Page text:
Let us begin with a crashing simplicity: Money is important. On most fronts, the volunteer leadership world need not object to money; indeed, we had better not. We are at least as obsessed with money (for support of our volunteer efforts) as the next person. I believe the volunteer movement has no quarrel whatsoever with people wanting and needing money in return for their work. High unemployment rates are bad for everyone, including volunteerism. I am skeptical about money in its use as a primary measure of the intrinsic value of work. If you earn $20,000 a year for your work, and I only make $10,000 a year, the strong implication is that your work (and you) are worth more than my work (and me). If you earn no money at all in return for your work, the work devaluation consequences can be disastrous.
A muted counterpoint remains. Voices still ask where pride in work has gone. Where is the craftsperson who took special care to do the best job possible, above and beyond the money? Where is the salesperson who really wants to serve you, the businessman who genuinely wants customers to get the best possible product and service, the teacher who works overtime without pay because he/she cares about learning? They are still there. Some of them happen to receive money for their work, but they also serve as volunteers because they dont receive "profit" money for their work. We need to underline this alliance of the spirit between all the people who do more than they have to because they want to, whether expressed as pride in paid work or in volunteering.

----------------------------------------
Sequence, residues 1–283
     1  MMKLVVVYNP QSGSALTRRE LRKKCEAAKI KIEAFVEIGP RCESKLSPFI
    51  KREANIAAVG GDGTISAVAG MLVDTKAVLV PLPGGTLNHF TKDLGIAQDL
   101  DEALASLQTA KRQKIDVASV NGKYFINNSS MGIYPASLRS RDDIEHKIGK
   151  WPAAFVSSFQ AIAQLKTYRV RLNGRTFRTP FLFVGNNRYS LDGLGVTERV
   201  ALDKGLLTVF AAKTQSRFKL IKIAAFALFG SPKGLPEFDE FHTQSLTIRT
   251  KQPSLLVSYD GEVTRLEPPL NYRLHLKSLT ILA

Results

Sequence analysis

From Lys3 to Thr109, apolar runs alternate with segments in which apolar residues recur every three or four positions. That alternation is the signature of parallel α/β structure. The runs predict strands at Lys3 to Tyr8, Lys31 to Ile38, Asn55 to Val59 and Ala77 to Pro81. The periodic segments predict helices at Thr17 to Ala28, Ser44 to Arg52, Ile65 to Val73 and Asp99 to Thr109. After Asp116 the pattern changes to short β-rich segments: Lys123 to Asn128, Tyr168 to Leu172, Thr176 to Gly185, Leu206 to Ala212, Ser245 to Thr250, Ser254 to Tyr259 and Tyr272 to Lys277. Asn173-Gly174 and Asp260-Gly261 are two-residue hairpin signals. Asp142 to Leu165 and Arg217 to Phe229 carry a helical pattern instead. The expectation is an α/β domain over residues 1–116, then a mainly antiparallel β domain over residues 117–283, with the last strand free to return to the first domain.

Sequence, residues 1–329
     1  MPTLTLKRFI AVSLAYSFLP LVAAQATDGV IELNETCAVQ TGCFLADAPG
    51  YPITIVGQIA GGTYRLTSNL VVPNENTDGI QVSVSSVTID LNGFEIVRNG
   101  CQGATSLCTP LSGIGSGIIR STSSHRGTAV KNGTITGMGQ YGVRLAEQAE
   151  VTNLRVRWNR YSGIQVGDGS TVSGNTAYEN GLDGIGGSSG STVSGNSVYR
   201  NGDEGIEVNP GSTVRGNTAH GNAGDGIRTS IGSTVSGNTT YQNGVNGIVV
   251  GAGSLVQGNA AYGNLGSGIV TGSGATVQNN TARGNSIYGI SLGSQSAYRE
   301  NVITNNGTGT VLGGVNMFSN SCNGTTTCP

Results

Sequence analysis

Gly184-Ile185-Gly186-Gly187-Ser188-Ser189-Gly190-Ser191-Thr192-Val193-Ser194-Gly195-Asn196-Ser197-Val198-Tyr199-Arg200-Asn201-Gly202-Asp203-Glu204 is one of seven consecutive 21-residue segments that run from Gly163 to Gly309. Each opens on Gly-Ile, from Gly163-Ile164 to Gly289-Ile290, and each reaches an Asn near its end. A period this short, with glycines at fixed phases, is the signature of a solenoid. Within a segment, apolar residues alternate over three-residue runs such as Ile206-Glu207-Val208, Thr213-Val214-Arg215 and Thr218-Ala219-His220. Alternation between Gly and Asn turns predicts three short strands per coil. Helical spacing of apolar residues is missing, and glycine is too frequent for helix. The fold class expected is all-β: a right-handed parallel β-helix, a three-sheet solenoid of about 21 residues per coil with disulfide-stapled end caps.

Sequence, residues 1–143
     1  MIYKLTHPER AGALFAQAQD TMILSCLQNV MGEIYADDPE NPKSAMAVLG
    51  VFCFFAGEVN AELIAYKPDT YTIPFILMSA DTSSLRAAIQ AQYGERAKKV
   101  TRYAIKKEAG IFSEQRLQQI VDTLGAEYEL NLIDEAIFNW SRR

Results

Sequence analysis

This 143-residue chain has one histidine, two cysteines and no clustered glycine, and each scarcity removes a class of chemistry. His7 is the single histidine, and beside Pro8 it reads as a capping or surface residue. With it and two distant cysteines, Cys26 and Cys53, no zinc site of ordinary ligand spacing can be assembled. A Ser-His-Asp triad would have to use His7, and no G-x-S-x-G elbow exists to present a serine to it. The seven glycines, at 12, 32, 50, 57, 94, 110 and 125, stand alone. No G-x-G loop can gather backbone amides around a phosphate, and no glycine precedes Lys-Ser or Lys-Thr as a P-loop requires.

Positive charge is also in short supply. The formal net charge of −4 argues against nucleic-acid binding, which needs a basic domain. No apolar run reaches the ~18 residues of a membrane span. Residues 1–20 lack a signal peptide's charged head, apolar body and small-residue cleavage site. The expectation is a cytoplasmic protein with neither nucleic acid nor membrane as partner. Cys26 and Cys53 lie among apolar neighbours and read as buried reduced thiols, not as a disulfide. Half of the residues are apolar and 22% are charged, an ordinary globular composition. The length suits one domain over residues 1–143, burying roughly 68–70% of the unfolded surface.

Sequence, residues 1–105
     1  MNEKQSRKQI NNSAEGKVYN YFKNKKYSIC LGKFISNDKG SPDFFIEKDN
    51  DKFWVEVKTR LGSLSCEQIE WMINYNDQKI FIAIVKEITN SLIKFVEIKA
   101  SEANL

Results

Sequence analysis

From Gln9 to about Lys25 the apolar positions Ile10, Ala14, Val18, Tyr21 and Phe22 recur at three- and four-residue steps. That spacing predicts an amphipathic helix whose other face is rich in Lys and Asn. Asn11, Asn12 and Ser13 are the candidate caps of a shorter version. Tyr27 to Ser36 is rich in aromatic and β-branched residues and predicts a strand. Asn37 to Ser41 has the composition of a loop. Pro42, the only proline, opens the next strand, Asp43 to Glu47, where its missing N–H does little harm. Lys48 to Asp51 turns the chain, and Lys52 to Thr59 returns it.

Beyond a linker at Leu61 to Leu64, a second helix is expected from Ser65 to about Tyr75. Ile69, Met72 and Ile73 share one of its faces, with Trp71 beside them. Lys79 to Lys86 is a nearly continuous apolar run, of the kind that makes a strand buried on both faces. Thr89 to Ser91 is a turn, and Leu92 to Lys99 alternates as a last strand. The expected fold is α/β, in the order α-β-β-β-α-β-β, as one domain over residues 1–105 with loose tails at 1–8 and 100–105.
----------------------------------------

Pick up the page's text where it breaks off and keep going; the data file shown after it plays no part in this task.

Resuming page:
Volunteering is the work model which goes furthest in removing immediate money as a yardstick of intrinsic work value. This is the ideal. In fact, there are certainly some work-external incentives in the "motivational" paycheck of many volunteers. There are also staff or other gatekeepers who block volunteers from more meaningful work.
Nevertheless, I believe volunteering and the volunteer attitude represent pride and dignity of work in the purest form today, our last best hope for recapturing that spirit. We should say to all people concerned with rejuvenating such pride. Many of them are not in the volunteer field today.
Any society which is free, or aspires to be, seeks to guarantee the right to participate. For example, we have the right to vote, the right to assemble peaceably. We can advocate any cause nonviolently, if it doesnt restrict unduly the rights of others. But try reading the Bill of Rights alone on a desert island. The point is the right to participate means little or nothing without the opportunity to participate. Volunteering is a principal way our society has of adding practical opportunity to abstract rights.